Gun firms reeling after Newtown shooting
An employee at Dick's Sporting Goods in South Hills Village clears shelves Tuesday of Airsoft guns that resemble the AR-15.
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Dick's Sporting Goods on Tuesday took the dramatic step of suspending sales of high-powered rifles at its stores nationwide, setting off a wave of Wall Street response to the gun control debate revived by the shootings at Sandy Hook Elementary School in Newtown, Conn.
The decision made at the chain's Findlay headquarters came as gunmakers saw stock prices plummet and a private equity firm announced it would sell the company that made the firearm used in the Connecticut shooting.
Smith & Wesson shares closed at $7.79 per share, down 86 cents for the day and more than 20 percent since Friday. Shares of Sturm, Ruger and Co., which makes several types of firearms, also fell on Tuesday, dropping $3.40 per share to close at $40.60 for a three-day loss of about 20 percent.
But Dick's stock went up 77 cents Tuesday, closing at $46.35 per share, and the company's move won praise from politicians and consumers who called on other major gun sellers to follow suit.
The industry response comes as the nation continues to reel from the Friday shooting, when law enforcement officials say Adam Lanza killed his mother before breaking into the Sandy Hook school and killing 26 people, 20 of them children. He killed himself when authorities arrived, and had several weapons on him, including a Bushmaster AR-15-style semiautomatic rifle.
Retailers responded in varying degrees to calls for suspending sales of such assault-style rifles, with some choosing to halt sales only in Connecticut in the final weeks of what had been a banner year for the gun business.
Specifically, Dick's pulled what it termed "modern" rifles from the shelves of its more than 500 Dick's Sporting Goods stores.
"Out of respect for the victims and their families, during this time of national mourning, we have removed all guns from sale and from display in our store nearest to Newtown, and suspended the sale of modern sporting rifles in all of our stores chainwide," the company said in a statement issued Tuesday.
"Modern" includes AR-15-style rifles, which are thought to be among the most popular type of rifle in America. The semi-automatic weapons are the civilian version of the military's M-16.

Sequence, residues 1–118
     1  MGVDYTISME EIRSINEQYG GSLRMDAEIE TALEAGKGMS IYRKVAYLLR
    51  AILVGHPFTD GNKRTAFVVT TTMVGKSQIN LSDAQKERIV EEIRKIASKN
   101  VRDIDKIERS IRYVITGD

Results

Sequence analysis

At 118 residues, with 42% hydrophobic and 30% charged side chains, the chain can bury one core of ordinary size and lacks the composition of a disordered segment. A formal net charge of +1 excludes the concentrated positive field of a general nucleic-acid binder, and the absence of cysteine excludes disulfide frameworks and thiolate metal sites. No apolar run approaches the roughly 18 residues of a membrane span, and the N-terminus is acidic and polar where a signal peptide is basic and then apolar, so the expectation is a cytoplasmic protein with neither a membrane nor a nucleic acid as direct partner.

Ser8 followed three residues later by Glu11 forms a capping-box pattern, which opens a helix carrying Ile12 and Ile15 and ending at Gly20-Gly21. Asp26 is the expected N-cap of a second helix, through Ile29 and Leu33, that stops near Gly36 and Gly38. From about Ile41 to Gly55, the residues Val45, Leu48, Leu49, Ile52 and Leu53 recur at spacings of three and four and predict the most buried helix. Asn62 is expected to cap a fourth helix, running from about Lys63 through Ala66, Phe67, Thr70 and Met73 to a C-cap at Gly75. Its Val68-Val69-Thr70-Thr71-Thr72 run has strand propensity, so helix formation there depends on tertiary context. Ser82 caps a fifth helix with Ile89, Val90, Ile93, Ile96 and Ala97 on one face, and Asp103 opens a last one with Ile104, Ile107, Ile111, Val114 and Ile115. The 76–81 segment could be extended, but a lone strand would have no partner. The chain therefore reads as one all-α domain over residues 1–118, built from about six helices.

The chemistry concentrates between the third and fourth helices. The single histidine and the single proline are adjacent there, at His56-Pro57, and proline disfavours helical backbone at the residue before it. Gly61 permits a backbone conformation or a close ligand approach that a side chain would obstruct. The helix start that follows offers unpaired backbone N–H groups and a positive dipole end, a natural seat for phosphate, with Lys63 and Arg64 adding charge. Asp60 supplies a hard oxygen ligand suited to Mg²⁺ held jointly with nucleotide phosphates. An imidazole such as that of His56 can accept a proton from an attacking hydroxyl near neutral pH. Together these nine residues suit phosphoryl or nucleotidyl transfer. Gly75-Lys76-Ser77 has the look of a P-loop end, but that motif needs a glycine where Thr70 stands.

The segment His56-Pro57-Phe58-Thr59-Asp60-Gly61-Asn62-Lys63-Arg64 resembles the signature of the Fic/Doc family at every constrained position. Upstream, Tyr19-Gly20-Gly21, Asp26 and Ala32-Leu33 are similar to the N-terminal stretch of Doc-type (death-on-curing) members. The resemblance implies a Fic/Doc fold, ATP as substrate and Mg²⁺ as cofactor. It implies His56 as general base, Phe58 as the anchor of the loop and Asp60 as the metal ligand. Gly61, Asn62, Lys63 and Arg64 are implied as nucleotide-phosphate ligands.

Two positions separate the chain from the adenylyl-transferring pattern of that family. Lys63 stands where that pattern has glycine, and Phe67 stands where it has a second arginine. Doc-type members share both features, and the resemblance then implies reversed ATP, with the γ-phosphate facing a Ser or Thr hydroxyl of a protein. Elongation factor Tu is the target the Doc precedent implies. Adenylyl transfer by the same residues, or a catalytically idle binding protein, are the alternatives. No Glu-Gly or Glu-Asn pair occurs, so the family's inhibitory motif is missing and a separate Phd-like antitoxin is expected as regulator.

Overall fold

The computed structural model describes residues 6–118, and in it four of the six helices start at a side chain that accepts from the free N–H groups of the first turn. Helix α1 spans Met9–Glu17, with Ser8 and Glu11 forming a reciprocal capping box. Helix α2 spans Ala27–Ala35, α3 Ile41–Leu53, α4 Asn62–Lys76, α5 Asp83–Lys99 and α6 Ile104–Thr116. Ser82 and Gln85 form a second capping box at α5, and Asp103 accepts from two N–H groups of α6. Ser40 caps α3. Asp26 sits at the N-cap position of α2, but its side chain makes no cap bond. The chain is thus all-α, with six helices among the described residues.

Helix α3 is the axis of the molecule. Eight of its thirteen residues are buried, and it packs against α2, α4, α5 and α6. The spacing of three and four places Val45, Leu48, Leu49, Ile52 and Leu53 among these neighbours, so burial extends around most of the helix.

Some hoped Dick's move would set a precedent. "These demonstrations of corporate responsibility and leadership at a very difficult time for our nation are encouraging and are to be commended," said U.S. Rep. Chaka Fattah, D-Philadelphia, in a statement.
The southwestern Pennsylvania company did not say how long the measures will stay in place.
At the Dick's store in the South Hills Village mall, an employee cleared four shelves of products that resemble assault rifles on Tuesday morning, piling them into several shopping carts before loading them into a side stockroom. The items put away retailed between $59.99 and $239.99, and the only items left on the shelves were bottles of Zombie Antidote BB pellets.
The drop in share prices in the past few days and reshuffling of inventory deflate what had been a spectacular year for gun sales in the industry.
While Dick's doesn't specify how much of its annual sales comes from firearms, company executives on recent investor calls said gun sales had spiked before and after the recent presidential election that had enthusiasts worried about a change in U.S. firearm policy.
"We expect now that the election has concluded [that] the gun and ammunition business will move to be a slightly bigger part of our business going forward," Edward Stack, chairman and CEO, told analysts on an earnings conference call in November.
Nationwide, the number of background checks issued for gun purchases increased on a year-over-year basis through the first nine months of the year.
On Capitol Hill and on various retailers' Facebook pages, the debate in the wake of the Newtown shootings has centered on the Bushmaster rifle and other high-powered firearms.
The Bushmaster .223-caliber model used by the shooter in Newtown is available at many retailers, including Wal-Mart, which pulled the item from its online store on Tuesday but had it available in some physical locations.
Cerberus Capital Management, a New York-based private equity firm that owns the Bushmaster manufacturer, said on Tuesday it was shedding that company and the other firearm makers from its $20 billion portfolio.
"It is apparent that the Sandy Hook tragedy was a watershed event that has raised the national debate on gun control to an unprecedented level," the firm said in a statement. "As a firm, we are investors, not statesmen or policy makers."
Some investors had already questioned Cerberus's involvement with the Freedom Group, the name given by the firm to the bundle of gunmakers it had acquired over the past several years. The California State Teachers' Retirement System said earlier this week it would review its relationship with Cerberus in light of its Freedom Group holdings.
Cabela's, another major gun retailer, still had the Bushmaster on its website Tuesday, with the semiautomatic retailing in stores for between $729 and $1,039. The retailer added a note on the product page, though, that said the rifle was not available for purchase online or in its Connecticut store.
First Published December 19, 2012 12:00 am